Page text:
may have children your age and it might be nice if you could become friends. I’m sure moving isn’t easy for them and they might appreciate knowing at least one person when they go to school Monday.”
“I can just meet them Monday,” Sophie pointed out. “I even promise to wave to them in the hall
, just please don’t make me go over there with a tuna fish casserole! That’s so humiliating!”
“Sophia Marie Valdez, I have not raised you to be so impolite!” her mother huffed, outraged. “Now march upstairs
and put on a nice dress.”
Sophie did as she was told if for no other reason than to save herself a
very long, very repetitive lecture. She let her feet drag with her ascent up the stairs, falling like bowling balls on each step all the way to her room. The door slamming behind her wasn’t intentional, but it was satisfying all the same.
It wasn’t as if she had so many friends she couldn’t use anymore. Had her mother been normal, she probably would have gone over to introduce herself. But her mother wasn’t normal. There was nothing normal about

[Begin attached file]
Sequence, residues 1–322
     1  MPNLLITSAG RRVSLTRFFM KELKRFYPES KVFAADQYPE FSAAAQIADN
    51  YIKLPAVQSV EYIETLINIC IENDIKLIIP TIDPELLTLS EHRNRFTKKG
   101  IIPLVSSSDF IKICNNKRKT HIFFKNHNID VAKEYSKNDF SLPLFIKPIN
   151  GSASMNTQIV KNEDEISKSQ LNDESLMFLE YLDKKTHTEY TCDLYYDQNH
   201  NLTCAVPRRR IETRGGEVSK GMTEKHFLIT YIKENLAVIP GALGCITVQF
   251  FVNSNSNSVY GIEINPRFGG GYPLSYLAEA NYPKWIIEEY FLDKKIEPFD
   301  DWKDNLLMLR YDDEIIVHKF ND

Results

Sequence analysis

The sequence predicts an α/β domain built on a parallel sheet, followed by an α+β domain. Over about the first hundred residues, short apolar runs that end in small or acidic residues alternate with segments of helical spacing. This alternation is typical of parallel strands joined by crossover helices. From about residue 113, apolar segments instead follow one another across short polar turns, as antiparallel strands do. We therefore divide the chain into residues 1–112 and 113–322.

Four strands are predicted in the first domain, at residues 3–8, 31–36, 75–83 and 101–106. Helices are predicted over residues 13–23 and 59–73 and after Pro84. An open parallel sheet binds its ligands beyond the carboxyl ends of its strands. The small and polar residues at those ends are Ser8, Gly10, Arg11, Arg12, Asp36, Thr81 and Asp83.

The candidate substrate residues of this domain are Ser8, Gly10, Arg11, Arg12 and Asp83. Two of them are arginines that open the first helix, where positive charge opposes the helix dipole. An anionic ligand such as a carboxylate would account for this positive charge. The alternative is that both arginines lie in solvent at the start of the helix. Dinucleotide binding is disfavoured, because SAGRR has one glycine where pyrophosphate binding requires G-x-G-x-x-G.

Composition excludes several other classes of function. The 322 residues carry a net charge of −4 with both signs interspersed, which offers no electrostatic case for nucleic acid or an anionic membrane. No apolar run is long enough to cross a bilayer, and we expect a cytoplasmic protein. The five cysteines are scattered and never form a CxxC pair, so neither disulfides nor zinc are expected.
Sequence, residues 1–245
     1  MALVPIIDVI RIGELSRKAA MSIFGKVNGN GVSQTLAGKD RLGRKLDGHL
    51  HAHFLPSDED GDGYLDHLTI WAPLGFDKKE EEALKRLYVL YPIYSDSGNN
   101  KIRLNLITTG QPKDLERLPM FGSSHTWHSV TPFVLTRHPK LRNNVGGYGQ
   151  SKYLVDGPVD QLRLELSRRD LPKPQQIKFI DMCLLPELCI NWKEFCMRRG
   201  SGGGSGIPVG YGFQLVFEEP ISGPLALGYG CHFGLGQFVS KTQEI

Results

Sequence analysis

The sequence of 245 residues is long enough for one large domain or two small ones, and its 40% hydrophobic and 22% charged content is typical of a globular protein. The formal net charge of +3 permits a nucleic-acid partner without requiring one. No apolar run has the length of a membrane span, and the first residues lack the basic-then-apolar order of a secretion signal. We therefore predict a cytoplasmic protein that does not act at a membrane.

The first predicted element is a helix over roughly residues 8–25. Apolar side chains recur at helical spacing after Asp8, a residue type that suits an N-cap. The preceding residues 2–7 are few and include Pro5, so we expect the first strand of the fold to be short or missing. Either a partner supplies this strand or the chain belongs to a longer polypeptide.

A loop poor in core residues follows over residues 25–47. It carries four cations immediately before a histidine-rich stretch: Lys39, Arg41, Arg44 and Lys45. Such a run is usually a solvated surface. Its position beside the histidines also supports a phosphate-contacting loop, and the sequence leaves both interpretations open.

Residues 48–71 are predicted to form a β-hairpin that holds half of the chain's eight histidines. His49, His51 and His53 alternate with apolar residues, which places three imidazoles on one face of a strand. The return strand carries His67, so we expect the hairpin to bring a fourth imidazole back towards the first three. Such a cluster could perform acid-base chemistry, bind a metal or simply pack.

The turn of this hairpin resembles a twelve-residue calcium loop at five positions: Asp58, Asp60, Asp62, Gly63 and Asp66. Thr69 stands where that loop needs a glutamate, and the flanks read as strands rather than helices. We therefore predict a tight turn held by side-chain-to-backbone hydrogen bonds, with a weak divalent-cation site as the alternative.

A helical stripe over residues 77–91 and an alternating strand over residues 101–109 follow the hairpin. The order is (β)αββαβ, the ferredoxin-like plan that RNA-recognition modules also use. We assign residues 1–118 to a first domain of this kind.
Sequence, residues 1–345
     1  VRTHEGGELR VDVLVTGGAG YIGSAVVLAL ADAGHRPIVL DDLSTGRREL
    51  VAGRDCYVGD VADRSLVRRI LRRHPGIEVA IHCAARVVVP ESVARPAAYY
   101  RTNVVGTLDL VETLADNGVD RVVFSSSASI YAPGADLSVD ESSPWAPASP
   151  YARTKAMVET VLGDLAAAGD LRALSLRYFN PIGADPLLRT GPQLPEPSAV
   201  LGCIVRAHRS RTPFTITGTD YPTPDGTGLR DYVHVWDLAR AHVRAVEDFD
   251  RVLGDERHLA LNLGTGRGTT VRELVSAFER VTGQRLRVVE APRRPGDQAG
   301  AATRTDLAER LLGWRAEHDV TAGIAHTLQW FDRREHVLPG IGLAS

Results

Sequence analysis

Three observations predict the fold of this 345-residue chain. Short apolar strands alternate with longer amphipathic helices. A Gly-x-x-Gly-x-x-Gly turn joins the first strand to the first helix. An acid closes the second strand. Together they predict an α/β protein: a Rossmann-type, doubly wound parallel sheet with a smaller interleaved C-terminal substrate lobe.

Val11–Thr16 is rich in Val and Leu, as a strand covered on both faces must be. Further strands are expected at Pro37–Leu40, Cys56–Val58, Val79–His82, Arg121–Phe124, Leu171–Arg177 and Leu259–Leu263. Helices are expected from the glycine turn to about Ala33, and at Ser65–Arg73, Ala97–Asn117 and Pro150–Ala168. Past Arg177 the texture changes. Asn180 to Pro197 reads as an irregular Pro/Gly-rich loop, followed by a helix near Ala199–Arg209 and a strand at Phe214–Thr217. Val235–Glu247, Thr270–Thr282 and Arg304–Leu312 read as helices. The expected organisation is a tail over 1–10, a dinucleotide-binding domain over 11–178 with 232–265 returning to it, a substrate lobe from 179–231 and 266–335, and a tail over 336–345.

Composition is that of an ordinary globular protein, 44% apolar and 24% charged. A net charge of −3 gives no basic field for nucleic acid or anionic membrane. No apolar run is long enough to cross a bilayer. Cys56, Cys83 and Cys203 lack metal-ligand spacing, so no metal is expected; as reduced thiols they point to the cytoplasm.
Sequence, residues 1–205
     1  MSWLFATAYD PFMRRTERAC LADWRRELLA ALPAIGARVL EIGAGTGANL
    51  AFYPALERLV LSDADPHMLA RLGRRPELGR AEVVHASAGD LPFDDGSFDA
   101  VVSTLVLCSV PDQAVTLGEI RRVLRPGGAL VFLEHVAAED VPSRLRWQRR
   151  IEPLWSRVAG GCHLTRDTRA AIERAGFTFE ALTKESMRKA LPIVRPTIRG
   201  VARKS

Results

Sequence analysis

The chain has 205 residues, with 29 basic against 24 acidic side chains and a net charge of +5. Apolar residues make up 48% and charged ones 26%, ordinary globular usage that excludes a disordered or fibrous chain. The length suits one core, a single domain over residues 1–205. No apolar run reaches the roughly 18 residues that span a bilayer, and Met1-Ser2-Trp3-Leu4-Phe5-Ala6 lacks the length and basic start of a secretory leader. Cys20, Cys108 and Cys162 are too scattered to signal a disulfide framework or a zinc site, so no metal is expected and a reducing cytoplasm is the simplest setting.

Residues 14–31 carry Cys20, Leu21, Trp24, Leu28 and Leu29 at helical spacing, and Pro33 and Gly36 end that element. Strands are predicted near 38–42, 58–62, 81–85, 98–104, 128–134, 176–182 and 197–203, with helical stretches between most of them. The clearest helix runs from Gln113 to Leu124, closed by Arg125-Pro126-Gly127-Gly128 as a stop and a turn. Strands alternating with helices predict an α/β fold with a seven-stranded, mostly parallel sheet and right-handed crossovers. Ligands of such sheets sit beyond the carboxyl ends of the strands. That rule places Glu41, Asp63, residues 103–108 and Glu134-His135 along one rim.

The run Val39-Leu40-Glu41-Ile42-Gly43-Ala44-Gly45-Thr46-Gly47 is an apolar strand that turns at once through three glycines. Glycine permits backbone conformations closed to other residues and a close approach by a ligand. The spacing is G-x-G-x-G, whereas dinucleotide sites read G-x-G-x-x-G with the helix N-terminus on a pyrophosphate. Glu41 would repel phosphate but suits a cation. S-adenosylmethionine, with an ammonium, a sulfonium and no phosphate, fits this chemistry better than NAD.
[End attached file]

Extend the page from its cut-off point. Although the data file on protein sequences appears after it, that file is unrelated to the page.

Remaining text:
defrosted tuna fish casserole. Wasn’t it kind of bad manners to offer a dish that followed you around like one of Mary’s lambs for days?
Kissing goodbye to any potential friendships she may have built with the kid next door,
Sophie threw on one of the two dresses she owned, a crocheted number in soft, navy-blue that had forearm-length sleeves and a modest U-shaped collar. She added a pair of black leggings and flat black pumps to complete it and twisted her long blonde curls into a messy French braid over her left shoulder. In the gilded mirror above the vanity, she checked her reflection. Her heart-shaped face with its pale complexion and speckle of freckles across the nose and cheeks, looked as ordinary as ever. She thought about adding some color to her lips and cheeks, but decided against it. It was the most she was going to do under protest. Considering it a success, she joined her mother downstairs.